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This past weekend, I read The Da Vinci Code. The book starts off with a bang and never lets up. The plot is quite interesting and the author has weaved a complex plot based on the search for the Holy Grail, secret societies, cryptology, symbology, and the Catholic Church. I can easily see why it's a number one bestseller. And I can also see why it's a controversial book.

There is one major point I see in the book that is sacrilegious. Some claim in the book that Jesus was married to Mary Magdalene. And that Jesus intended to pass the Church through Mary, not Peter. And this is the basis of the Holy Grail. I won't get into how they are linked since it'll spoil the plot.

Throughout the book, things are mentioned that makes you think, "Can this be true?" For example, there are 666 glass panes in the pyramid at the Louvre (which is true). In Da Vinci's The Last Supper, Mary (not John) is sitting next to Jesus and that there is a mysterious hand holding a knife.

I can see how the book can shaken one's faith. It makes one wonder "What do I really believe and why"? But the danger is in taking everything in the book as true. It's not written as a nonfiction book, but a novel. And it weaves fact with fiction to make the story interesting. And it's the job of the reader to discern what is true or false. It challenges the reader not only to think about the claims made in the book, but also beliefs held by the reader.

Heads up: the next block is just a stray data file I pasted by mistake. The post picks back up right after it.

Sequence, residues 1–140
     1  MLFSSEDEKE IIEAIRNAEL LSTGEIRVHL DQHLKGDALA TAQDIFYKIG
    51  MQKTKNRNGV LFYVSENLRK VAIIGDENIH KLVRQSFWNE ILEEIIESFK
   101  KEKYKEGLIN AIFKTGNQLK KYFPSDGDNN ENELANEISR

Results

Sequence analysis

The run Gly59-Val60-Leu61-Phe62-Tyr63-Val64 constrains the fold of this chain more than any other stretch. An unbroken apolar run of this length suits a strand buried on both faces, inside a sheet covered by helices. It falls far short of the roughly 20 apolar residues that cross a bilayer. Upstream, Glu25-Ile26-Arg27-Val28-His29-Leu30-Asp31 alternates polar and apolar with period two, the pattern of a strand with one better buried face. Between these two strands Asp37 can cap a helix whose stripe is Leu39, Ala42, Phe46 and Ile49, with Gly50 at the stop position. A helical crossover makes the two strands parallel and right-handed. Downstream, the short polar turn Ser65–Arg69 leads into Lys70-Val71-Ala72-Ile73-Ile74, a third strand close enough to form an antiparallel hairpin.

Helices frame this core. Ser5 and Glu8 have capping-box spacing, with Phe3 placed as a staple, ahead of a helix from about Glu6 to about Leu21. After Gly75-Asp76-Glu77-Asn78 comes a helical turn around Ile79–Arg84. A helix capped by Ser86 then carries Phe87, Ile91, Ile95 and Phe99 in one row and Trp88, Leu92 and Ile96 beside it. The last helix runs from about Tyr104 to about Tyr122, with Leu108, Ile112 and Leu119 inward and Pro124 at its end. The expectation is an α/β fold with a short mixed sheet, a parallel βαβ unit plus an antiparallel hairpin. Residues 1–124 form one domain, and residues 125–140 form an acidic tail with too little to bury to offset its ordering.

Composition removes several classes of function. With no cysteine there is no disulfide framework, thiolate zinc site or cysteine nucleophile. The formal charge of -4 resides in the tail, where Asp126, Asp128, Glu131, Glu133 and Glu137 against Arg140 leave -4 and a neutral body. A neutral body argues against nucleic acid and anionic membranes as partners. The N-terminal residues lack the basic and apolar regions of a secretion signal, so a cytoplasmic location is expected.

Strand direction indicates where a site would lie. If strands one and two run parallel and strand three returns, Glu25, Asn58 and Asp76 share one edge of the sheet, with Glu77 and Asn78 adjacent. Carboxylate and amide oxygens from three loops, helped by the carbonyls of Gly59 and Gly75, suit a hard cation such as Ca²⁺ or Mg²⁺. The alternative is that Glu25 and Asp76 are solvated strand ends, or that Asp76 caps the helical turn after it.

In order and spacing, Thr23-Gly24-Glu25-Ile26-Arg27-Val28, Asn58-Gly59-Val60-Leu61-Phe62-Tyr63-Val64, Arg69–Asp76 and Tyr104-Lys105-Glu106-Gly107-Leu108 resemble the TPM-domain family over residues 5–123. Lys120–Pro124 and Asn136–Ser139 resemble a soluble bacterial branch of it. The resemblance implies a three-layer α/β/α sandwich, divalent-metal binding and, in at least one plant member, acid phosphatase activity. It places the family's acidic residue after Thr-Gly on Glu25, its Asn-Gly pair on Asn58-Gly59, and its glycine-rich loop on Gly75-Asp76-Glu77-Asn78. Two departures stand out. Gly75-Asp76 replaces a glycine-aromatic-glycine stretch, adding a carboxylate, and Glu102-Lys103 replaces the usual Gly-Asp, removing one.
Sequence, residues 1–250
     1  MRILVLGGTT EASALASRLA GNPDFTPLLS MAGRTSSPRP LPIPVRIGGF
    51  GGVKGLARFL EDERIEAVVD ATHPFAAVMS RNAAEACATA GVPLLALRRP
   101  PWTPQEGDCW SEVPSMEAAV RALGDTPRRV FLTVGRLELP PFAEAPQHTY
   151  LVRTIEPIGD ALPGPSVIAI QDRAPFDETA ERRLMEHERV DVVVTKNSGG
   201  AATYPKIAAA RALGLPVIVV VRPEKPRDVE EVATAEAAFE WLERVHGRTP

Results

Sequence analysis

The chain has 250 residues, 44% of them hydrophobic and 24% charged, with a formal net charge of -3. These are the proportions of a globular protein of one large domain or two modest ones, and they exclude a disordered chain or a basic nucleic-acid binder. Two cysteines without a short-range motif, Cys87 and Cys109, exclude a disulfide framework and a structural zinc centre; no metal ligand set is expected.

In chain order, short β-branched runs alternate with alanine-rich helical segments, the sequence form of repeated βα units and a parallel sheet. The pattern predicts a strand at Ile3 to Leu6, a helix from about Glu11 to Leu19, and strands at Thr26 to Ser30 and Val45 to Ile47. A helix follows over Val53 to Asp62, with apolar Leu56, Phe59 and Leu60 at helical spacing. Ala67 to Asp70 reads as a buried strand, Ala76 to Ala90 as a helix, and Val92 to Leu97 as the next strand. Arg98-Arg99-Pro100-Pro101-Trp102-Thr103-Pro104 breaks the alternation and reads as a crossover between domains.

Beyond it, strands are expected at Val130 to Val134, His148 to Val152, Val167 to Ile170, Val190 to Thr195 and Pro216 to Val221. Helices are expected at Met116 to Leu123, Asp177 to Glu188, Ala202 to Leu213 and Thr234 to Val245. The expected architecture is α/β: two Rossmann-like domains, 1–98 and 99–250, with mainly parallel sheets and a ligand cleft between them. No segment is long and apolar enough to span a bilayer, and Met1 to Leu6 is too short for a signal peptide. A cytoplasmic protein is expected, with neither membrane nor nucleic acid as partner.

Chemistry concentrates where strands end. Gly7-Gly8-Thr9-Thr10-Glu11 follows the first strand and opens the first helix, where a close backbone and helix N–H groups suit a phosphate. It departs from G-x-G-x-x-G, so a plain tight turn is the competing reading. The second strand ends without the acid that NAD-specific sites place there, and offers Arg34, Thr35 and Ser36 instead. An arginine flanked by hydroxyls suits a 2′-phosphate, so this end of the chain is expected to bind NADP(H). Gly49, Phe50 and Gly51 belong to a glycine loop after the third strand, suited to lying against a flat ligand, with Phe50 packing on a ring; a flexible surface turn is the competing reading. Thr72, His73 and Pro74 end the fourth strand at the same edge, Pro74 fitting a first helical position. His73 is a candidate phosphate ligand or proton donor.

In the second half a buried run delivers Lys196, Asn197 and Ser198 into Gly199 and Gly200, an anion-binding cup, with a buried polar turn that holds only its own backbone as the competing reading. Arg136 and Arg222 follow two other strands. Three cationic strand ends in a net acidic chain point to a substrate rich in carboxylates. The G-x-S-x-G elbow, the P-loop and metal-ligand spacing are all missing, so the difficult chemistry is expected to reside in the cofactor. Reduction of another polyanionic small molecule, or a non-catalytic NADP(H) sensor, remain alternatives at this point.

Overall, it's a book worth reading. But it's important to keep in mind it's just a novel, not a nonfictional conspiracy thesis.

Official sites:
Dan Brown
Opus Dei
Rosslyn Templars
Knights Templar

Debunking:
The Da Vinci Code, the Catholic Church and Opus Dei
Cracks in the Da Vinci Code
Leonardo da Vinci, Mary Magdalene, The Hand and Knife
Facts vs. Fiction in The Da Vinci Code
Eight surprising fictions in Dan Brown's 'Da Vinci Code'
Breaking The Da Vinci Code
Dismantling The Da Vinci Code
Deciphering the Da Vinci Code
The Da Vinci Code: Of Magdalene, Gnostics, the Goddess and the Grail

Blogs:
Nobody Knows Anything

Wikipedia:
Leonardo da Vinci
Isaac Newton
Opus Dei

Images:
The Last Supper
Mona Lisa
The Virgin of the Rocks

Discussion:
Debating Christianity
BeliefNet

Posted: 2004-05-17 08:08:46


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